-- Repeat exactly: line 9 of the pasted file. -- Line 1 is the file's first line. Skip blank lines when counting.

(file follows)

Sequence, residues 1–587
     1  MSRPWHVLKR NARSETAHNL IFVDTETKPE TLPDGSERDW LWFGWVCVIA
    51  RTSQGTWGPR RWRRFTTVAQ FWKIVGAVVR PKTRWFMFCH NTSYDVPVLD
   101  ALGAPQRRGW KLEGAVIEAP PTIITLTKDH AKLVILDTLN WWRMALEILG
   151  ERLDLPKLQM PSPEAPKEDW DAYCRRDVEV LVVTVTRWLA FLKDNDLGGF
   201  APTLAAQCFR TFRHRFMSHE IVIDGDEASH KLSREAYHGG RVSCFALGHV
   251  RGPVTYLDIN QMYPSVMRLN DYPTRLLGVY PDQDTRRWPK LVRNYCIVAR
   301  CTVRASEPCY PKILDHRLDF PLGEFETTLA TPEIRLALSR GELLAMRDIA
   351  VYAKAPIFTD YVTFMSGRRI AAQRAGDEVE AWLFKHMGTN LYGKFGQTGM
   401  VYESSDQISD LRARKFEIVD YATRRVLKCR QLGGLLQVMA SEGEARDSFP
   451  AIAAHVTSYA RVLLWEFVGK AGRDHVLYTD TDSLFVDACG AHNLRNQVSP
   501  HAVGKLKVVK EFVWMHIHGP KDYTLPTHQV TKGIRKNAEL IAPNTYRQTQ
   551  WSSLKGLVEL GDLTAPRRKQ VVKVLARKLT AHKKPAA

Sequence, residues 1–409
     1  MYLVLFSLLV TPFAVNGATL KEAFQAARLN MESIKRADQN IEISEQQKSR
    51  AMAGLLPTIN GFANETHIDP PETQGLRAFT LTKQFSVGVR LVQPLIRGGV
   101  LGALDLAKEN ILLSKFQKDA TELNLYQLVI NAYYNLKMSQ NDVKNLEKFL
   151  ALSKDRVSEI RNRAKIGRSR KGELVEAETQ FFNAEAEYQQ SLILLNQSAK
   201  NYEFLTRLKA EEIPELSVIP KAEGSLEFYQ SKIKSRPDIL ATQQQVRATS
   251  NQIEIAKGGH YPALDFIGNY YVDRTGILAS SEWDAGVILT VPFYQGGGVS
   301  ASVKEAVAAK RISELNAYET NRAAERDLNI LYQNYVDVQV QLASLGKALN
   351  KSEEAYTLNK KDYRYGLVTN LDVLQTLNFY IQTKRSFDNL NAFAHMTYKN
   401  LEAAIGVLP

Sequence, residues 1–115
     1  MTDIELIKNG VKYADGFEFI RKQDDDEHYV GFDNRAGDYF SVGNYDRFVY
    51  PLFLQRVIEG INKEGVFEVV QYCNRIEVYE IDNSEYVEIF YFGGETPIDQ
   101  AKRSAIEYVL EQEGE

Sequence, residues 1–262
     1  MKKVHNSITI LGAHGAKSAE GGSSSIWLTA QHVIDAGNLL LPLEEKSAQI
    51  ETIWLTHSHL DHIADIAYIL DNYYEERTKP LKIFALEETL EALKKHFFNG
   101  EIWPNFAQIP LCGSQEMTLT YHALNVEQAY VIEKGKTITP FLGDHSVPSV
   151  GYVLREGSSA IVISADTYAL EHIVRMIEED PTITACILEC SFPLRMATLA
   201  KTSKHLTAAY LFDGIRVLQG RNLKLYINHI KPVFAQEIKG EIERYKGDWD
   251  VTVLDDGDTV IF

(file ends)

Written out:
   351  VYAKAPIFTD YVTFMSGRRI AAQRAGDEVE AWLFKHMGTN LYGKFGQTGM